Disruption is happening across all industries. Innovation is accelerating faster now than at any other time in the history of mankind. This prompts the question: What will you disrupt and what will disrupt you?
An interesting case study to help understand the impact of these changes comes from the transportation industry and the environment in which we find Elon Musk’s Tesla and Hyperloop (stay with me, there are tremendous similarities between this and the telecom industry):
The Problem: Global warming is driving us to re-examine our standard modes of transportation.
Innovation: The invention of self-sustaining electric vehicles and, taken to the extreme, a new mode of transportation with the Hyperloop.
Vision and positive disruption: Hyperloop One was formed to explore Elon Musk’s concept of Hyperloop and is “reinventing transportation to eliminate barriers of time and distance by using Hyperloop transport to move cargo and passengers immediately, safely, efficiently, and sustainably.”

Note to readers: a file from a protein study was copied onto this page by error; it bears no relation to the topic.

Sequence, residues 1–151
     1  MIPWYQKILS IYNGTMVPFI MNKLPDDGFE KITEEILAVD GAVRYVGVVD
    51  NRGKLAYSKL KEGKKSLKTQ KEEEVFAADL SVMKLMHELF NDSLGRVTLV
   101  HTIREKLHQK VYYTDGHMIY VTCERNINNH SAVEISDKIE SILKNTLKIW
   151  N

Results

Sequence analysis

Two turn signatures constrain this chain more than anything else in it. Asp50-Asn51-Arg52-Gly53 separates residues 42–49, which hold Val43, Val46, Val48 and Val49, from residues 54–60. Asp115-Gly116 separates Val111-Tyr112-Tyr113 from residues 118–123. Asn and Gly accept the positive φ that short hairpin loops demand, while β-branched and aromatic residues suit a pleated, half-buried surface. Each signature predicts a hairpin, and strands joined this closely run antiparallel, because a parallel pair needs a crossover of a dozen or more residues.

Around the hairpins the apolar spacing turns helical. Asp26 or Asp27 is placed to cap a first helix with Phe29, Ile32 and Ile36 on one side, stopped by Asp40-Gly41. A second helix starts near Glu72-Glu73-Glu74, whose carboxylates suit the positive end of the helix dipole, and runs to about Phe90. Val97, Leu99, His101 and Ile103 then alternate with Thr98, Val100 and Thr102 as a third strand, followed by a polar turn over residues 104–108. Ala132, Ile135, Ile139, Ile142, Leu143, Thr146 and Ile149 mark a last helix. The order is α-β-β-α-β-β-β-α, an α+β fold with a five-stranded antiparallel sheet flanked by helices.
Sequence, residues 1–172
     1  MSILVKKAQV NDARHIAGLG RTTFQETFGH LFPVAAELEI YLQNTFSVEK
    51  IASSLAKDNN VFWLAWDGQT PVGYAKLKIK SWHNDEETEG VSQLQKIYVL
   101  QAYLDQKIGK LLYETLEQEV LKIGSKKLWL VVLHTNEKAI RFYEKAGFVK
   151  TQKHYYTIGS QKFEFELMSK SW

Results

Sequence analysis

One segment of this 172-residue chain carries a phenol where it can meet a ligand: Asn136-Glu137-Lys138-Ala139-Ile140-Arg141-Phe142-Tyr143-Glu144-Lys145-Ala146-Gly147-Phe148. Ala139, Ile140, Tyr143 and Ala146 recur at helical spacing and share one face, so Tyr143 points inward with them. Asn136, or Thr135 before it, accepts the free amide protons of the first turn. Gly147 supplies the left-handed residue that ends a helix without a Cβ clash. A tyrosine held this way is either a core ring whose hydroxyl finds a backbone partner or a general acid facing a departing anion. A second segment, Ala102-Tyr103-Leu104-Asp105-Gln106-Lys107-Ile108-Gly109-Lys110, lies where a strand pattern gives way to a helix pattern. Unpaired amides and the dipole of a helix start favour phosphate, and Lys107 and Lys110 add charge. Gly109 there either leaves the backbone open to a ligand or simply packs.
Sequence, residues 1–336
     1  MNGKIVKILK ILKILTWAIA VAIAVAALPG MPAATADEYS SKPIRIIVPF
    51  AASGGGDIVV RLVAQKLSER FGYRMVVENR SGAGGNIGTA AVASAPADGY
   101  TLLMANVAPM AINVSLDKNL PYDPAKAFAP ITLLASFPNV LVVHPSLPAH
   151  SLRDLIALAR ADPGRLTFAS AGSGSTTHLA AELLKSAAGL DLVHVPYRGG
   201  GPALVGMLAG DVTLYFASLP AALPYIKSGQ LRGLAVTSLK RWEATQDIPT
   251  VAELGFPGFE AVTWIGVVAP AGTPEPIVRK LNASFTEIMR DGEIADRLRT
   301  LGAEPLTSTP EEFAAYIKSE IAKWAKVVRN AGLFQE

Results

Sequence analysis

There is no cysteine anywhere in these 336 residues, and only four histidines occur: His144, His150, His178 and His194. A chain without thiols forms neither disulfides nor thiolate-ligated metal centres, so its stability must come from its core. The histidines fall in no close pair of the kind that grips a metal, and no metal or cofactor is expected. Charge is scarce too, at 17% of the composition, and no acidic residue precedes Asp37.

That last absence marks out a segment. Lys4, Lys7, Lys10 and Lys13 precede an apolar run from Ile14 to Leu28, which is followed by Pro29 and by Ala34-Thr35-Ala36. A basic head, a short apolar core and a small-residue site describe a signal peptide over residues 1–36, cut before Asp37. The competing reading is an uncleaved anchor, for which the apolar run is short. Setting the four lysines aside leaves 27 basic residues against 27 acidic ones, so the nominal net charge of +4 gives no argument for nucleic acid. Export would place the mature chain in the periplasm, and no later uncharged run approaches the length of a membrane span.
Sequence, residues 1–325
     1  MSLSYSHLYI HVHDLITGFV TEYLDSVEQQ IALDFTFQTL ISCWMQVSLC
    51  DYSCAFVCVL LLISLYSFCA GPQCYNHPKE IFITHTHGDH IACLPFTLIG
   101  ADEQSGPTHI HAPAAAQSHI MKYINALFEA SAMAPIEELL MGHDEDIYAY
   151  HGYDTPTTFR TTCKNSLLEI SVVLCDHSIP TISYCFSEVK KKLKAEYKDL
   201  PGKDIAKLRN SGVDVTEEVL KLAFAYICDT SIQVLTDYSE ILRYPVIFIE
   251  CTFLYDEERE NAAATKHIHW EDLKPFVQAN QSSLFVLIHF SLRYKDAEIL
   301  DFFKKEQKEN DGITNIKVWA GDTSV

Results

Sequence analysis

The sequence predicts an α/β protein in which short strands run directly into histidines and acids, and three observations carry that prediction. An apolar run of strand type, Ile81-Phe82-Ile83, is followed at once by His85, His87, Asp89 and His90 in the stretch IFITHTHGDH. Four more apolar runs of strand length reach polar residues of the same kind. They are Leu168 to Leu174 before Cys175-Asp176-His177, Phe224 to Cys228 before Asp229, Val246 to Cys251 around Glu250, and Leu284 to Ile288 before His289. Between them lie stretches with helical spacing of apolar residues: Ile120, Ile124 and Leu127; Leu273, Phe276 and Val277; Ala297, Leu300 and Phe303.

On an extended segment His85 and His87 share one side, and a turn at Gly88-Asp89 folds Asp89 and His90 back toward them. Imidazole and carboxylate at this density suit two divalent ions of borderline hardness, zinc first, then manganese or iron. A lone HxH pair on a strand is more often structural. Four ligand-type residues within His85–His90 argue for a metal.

Elon Musk, CEO of Tesla and SpaceX, has already brought us cars that can drive 290 miles on a single charge. The Hyperloop concept has the potential to develop the fastest, cleanest and safest method to travel from point A to point B. Maybe the question here is instead “With vision, what can’t we disrupt?”
So what does this mean for the telecom industry?
Communication Service Providers (CSPs) have a unique opportunity – they’ve been offering telecom and managed services for years, but new technologies are allowing them to expand their horizons. Given their history of being on the forefront of technology, CSPs have a distinct competitive advantage to create positive disruption.
The Problem: Service delivery today is slow and rigid, and operations are complex. As a result, costs for CSPs are misaligned to revenue.
Innovation: SDN and NFV provide previously untapped automation and agility, creating an opportunity for CSPs to deliver new capabilities for their customers.
Vision and positive disruption: Well-respected industry veteran John Donovan, chief strategy officer at AT&T, has stated that AT&T plans to virtualize 75 percent of its network by 2020.